Yesterday’s SPD survey made the news this morning.
Seattle Times and Crosscut report on yesterday’s survey results that show Seattleites have an improving opinion of the Seattle Police Department.
Puget Sound Business Journal covers AirBnB’s latest self-published report making the case for its contribution to the local economy.
The Stranger reports on Council member Sawant’s proposal to eliminate a tax loophole for “international investment management services.”
GeekWire looks at the renewed push for municipal broadband.
Erica C. Barnett writes of a trip she took with Council member Lisa Herbold and state Senator Mark Miloscia to the InSite safe consumption site in Vancouver.
The Stranger covers yesterday’s Jill Stein rally in Seattle, where Council member Kshama Sawant spoke — but Jill Stein didn’t (she’s out sick).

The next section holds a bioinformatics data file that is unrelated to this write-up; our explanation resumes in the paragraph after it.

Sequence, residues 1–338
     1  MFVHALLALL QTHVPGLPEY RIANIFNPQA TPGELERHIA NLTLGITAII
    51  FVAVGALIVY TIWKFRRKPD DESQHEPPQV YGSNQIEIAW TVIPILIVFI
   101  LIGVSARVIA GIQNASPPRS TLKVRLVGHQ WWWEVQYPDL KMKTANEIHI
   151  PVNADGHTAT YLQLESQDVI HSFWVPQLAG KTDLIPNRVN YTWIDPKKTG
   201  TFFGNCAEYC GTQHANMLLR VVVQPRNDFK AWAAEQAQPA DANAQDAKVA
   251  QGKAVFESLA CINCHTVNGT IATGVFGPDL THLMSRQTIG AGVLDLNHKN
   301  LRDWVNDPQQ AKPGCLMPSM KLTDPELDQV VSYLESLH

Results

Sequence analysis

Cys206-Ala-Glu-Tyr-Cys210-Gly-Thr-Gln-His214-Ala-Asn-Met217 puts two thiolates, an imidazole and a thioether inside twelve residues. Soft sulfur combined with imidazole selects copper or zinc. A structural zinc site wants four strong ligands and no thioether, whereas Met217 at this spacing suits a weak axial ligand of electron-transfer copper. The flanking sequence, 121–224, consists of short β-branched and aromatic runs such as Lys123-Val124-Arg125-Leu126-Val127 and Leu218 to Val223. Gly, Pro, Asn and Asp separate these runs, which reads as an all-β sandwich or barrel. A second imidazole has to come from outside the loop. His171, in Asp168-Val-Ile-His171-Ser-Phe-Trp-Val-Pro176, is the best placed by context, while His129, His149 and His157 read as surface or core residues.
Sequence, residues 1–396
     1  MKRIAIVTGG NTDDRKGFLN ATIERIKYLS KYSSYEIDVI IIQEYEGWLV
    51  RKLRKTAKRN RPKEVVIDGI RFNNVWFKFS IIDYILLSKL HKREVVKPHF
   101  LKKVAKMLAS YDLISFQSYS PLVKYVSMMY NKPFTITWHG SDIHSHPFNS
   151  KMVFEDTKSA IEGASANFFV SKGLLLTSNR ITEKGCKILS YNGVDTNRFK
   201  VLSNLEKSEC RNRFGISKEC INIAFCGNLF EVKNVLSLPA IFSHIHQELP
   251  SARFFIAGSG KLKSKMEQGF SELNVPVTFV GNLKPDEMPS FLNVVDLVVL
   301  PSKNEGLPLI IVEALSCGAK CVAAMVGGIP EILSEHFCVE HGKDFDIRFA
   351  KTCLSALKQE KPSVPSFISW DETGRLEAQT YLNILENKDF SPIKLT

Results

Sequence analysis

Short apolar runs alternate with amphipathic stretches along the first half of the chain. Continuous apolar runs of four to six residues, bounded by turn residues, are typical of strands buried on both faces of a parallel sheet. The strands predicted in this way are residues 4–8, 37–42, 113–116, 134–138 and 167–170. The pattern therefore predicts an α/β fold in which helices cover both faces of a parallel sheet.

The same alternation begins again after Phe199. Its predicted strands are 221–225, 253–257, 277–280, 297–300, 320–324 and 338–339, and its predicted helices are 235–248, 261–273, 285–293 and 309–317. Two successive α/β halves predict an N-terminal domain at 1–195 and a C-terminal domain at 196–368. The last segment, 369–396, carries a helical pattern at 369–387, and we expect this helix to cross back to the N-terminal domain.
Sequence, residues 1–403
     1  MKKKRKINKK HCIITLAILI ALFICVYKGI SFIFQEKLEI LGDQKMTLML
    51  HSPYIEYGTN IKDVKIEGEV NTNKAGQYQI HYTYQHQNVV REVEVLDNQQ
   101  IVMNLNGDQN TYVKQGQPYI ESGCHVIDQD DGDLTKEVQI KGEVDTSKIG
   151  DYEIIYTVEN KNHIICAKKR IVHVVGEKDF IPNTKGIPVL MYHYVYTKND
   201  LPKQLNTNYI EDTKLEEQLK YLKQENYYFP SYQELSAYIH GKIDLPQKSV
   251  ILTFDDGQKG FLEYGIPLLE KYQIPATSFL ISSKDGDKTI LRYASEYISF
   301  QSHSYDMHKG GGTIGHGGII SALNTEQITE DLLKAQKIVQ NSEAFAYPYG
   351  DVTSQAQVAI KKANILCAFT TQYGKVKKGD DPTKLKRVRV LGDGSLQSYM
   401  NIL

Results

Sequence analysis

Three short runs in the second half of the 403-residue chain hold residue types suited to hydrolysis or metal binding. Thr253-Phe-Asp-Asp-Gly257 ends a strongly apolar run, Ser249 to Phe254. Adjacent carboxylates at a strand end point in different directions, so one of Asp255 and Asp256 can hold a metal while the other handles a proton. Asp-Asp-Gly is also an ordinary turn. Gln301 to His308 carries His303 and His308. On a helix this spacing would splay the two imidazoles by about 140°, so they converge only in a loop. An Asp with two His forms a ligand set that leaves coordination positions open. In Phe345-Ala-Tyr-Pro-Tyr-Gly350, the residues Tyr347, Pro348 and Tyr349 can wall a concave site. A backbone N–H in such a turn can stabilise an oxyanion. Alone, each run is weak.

“Broadband” is a misnomer in this context. It’s a marketing term adopted by companies who seemingly wanted to make their commodity services of connecting people’s computing devices to the Internet sound like something flashier. They mean “high-speed Internet access,” but “high-speed” is relative, having clear meaning only in the context of typical Internet access speeds of the day, and thus is not particularly informative in the long-term. What we’re talking about, here, is municipal Internet service–a publicly owned and operated ISP. Can we stop playing along with Comcast, et. al., and call it what it is?
a) I was using the term that the Council used in their own documents; and b) for most people they are synonymous.
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